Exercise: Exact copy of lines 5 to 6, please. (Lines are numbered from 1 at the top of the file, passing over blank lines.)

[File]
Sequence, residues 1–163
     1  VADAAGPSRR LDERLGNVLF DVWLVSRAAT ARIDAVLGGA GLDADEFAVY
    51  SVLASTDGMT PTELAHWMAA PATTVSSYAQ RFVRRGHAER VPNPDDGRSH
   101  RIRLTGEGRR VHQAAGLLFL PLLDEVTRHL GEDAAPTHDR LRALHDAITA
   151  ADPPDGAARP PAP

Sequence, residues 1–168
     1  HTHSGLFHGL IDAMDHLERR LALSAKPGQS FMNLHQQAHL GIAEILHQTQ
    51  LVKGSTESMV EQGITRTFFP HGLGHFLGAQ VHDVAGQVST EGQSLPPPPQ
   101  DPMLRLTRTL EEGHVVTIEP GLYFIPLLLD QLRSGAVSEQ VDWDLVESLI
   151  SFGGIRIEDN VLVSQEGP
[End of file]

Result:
   151  ADPPDGAARP PAP

Sequence, residues 1–168